Research finds that eating grapes regularly leads to unique gene expression patterns, reduces fatty liver, and extends the lifespan of mice consuming a high-fat western-style diet.
In comprehensive studies published recently in the journal Foods, it was reported that the long-term addition of grapes to the diet of mice leads to unique gene expression patterns, reduces fatty liver, and extends the lifespan of animals consuming a high-fat western style diet. The research team was led by Dr. John Pezzuto of Western New England University.
Pezzuto, who is an author of over 600 papers in the scientific literature, said he was especially amazed by these results. “We have all heard the saying ‘you are what you eat’ which is obviously true since we all start out as a fetus and end up being an adult by eating food. But these studies add an entirely new dimension to that old saying. Not only is food converted to our body parts, but as shown by our work with dietary grapes, it actually changes our genetic expression. That is truly remarkable.”
What is the effect of this alteration of gene expression? As shown in this paper, fatty liver is prevented or delayed. Fatty liver is a condition that affects around 25% of the world’s population and can eventually lead to untoward effects, including liver cancer. The genes responsible for the development of fatty liver were altered in a beneficial way by consuming grapes. In ancillary work, not only is the expression of genes altered, but metabolism is also changed by dietary grapes. This study was recently published by a collaborative team led by Dr. Jeffrey Idle in the journal Food & Function.
Studies of grapes add an entirely new dimension to the saying ‘you are what you eat.’
In addition to genes related to fatty liver, the work found that the grape-supplemented diets increased levels of antioxidant genes. According to Pezzuto, “Many people think about taking dietary supplements that boast high antioxidant activity. In actual fact, though, you cannot consume enough of an antioxidant to make a big difference. But if you change the level of antioxidant gene expression, as we observed with grapes added to the diet, the result is a catalytic response that can make a real difference.”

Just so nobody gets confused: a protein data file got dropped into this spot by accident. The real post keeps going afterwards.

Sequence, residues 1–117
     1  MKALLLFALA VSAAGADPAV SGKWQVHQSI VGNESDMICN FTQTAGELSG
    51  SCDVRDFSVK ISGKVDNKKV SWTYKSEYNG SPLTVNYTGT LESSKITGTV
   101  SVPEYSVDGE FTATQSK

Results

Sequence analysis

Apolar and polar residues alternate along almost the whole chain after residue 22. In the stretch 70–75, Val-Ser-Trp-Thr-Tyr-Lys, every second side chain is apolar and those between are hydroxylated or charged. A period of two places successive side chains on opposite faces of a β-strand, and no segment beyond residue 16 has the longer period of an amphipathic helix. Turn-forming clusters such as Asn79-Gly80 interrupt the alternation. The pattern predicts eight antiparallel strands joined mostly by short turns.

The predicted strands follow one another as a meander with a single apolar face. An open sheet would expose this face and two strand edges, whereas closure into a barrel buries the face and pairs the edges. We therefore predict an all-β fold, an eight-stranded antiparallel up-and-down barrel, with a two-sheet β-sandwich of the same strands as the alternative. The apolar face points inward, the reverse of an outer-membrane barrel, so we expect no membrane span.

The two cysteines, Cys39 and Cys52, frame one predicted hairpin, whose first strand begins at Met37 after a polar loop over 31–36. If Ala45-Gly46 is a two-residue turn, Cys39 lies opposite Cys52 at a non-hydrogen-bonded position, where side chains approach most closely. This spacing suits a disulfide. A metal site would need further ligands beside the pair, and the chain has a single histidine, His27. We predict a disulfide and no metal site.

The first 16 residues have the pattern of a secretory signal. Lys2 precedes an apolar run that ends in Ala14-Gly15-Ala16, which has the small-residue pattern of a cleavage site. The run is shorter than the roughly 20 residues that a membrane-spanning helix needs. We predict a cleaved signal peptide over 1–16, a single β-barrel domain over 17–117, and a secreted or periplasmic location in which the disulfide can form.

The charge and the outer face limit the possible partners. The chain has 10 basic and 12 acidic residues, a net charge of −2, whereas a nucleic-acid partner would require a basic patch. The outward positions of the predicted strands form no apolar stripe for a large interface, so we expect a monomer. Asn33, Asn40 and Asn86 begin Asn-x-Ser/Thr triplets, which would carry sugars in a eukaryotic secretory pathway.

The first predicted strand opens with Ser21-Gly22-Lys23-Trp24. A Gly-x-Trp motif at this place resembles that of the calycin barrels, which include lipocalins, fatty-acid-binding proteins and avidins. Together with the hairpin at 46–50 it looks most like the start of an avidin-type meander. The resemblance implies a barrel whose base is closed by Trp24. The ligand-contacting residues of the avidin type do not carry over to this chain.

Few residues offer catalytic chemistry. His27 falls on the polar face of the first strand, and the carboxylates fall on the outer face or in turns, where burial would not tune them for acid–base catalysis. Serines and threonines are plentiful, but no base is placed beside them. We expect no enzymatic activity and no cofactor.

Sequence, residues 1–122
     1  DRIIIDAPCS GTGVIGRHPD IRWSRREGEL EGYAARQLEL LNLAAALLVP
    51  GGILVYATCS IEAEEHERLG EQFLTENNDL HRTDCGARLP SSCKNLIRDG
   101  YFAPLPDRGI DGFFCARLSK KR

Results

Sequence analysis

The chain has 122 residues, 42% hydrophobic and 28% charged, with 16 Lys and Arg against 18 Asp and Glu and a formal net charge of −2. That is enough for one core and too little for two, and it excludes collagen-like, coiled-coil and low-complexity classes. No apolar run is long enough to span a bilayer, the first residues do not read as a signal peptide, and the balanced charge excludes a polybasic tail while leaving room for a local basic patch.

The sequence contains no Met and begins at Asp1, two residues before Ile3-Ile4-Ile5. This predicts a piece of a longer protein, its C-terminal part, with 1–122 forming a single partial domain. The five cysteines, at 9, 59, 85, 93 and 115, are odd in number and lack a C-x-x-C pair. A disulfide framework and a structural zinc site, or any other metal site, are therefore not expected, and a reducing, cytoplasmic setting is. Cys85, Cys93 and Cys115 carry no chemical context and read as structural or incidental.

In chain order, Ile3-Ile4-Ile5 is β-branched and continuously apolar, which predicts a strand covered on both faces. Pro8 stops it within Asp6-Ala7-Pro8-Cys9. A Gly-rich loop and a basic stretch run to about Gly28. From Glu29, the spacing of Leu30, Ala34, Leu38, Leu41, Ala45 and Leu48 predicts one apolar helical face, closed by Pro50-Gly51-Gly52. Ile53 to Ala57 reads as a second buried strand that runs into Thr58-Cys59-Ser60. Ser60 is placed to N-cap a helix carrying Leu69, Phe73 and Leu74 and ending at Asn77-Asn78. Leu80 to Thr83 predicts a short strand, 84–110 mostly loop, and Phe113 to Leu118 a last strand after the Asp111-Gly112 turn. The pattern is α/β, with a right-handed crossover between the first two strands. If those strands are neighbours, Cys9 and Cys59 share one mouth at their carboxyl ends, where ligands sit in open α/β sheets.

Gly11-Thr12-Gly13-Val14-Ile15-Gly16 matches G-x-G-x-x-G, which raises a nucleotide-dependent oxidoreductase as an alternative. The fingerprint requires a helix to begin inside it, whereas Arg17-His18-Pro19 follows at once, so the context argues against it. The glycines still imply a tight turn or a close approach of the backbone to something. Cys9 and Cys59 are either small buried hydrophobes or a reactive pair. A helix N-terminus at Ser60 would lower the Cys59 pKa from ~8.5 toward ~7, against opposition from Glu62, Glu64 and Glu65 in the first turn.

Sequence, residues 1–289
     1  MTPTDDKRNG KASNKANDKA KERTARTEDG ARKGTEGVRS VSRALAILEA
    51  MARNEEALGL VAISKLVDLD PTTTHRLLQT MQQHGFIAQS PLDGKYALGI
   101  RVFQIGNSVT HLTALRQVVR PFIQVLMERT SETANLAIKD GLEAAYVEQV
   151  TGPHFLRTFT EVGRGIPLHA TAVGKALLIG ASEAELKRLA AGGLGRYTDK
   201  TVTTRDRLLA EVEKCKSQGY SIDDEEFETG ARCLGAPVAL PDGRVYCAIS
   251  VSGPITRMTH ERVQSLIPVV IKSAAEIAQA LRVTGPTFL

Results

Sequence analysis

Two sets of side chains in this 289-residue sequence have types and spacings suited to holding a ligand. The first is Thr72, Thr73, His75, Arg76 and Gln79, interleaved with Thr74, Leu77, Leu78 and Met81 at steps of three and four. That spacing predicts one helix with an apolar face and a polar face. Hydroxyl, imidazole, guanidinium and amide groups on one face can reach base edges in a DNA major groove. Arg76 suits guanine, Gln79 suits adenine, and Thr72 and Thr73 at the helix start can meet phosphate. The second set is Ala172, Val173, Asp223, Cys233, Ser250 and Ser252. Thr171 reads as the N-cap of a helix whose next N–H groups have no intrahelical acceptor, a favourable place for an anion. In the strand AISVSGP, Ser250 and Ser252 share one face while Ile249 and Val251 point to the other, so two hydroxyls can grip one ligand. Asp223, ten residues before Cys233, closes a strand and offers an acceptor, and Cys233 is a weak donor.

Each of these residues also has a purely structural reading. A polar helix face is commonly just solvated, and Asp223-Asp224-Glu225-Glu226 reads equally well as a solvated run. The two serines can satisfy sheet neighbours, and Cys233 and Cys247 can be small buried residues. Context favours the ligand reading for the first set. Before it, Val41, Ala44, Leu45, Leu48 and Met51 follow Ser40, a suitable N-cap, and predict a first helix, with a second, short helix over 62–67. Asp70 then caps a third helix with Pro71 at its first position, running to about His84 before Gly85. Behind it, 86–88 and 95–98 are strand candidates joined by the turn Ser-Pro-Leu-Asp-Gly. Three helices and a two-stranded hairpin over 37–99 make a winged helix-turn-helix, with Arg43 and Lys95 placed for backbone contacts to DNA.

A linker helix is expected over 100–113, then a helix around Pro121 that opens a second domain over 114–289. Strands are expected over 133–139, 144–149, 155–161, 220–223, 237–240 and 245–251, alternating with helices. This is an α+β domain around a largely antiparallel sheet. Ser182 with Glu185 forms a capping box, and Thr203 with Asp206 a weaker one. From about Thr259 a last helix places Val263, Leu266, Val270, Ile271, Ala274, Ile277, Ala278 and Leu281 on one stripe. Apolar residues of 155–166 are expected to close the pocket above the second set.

Another remarkable effect demonstrated in this research was the ability of grapes to extend the lifespan of mice given a high-fat western pattern diet. The high-fat western pattern diet is known to be associated with adverse conditions such as obesity, cardiovascular diseases, diabetes, autoimmune diseases, cancer, and Alzheimer’s disease. Adding grapes to the diet, which did not affect the rate of consumption or body weight, delayed natural death. Although translating years of lifespan from a mouse to a human is not an exact science, Pezzuto notes that his best estimate is the change observed in the study would correspond to an additional 4-5 years in the life of a human.
Precisely how all of this relates to humans remains to be seen, but it is clear that adding grapes to the diet changes gene expression in more than just the liver. In studies recently published in the journal Antioxidants by Pezzuto and his team of researchers, it was found that grape consumption alters gene expression in the brain. At the same time, grape consumption had positive effects on behavior and cognition that were impaired by a high-fat diet, suggesting that the alteration of gene expression was what produced this beneficial response. More studies are needed, but it is notable that a team led by Silverman at the University of California, Los Angeles (UCLA) reported that the daily administration of grapes had a protective effect on brain metabolism. This new research indicates that this is due to alteration of gene expression.
“Consumption of Grapes Modulates Gene Expression, Reduces Non-Alcoholic Fatty Liver Disease, and Extends Longevity in Female C57BL/6J Mice Provided with a High-Fat Western-Pattern Diet” by Asim Dave, Eun-Jung Park, Avinash Kumar, Falguni Parande, Diren Beyoğlu, Jeffrey R. Idle and John M. Pezzuto, 5 July 2022, Foods.